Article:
- Dopamine releasing cells in the forebrain are difficult to access in most vertebrates so the researchers examined transparent hatchling zebrafish
- They used a technique called electrophysiology to capture electrical signals from dopamine neurons in the forebrain whist simultaneously observing motor activity in the spinal cord
- Research could impact on understanding of conditions such as schizophrenia and Parkinson’s disease
Scientists studying hatchling fish have made a new advance in studying a chemical in the brain that impacts on movement.
The team from the University of Leicester Department of Biology has examined transparent hatchling zebrafish to gain new insights into the working of neurons in areas of the brain that are normally difficult to access.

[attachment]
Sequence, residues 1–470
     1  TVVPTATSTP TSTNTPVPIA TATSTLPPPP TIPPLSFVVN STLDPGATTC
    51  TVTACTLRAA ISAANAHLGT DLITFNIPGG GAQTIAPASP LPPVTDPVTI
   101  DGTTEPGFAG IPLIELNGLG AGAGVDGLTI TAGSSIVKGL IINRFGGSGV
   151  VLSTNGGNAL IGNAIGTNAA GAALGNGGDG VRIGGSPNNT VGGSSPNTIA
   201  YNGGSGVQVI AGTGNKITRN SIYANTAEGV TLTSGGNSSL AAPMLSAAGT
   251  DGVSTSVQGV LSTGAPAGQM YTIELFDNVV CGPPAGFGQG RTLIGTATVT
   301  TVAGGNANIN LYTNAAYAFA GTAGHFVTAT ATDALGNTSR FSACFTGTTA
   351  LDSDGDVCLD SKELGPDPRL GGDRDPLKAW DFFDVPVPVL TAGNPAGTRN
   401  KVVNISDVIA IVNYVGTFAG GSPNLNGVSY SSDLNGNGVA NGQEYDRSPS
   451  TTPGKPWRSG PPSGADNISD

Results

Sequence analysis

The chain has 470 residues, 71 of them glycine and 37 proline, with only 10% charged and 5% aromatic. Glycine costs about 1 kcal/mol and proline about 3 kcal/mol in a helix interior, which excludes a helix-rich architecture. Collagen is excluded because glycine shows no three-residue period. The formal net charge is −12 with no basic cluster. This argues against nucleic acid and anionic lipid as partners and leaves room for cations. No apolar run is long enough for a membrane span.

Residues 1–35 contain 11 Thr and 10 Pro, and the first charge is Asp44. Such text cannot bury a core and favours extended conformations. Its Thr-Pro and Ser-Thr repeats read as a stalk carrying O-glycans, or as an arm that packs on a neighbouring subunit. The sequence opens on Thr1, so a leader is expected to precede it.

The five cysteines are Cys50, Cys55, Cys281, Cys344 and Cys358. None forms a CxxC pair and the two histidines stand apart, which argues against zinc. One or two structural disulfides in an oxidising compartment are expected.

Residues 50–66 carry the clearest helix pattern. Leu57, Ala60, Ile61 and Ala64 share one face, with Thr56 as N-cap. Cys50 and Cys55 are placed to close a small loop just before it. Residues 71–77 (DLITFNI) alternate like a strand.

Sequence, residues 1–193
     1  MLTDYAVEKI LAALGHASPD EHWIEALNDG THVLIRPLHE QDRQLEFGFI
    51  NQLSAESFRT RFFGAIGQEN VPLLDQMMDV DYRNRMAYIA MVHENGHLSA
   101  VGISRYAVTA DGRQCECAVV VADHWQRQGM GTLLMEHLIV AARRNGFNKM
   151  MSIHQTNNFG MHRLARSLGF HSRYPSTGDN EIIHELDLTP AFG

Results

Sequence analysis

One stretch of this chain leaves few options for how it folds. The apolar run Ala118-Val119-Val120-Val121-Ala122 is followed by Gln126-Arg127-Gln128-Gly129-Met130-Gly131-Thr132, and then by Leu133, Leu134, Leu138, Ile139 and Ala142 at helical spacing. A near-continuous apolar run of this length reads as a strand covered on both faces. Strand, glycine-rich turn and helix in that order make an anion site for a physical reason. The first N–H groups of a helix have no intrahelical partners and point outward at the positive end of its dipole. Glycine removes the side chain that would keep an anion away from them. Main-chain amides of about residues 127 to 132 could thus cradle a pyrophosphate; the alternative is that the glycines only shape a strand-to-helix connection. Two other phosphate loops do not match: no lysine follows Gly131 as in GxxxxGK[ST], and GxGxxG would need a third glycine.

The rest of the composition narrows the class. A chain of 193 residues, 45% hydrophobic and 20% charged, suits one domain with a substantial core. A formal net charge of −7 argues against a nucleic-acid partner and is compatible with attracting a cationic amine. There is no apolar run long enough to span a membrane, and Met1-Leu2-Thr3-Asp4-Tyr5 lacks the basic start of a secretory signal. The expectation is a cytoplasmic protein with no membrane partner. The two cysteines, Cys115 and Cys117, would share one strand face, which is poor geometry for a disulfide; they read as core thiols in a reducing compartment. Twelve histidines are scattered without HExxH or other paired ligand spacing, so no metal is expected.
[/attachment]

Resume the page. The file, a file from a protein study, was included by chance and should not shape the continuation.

This zebrafish image depicts an antibody labelled spinally-projecting dopaminergic neurons in the forebrain of a hatchling zebrafish.
Credit:University of Leicester
Firing Dynamics and Modulatory Actions of Supraspinal Dopaminergic Neurons during Zebrafish Locomotor Behavior, DOI: 10.1016/j.cub.2014.12.033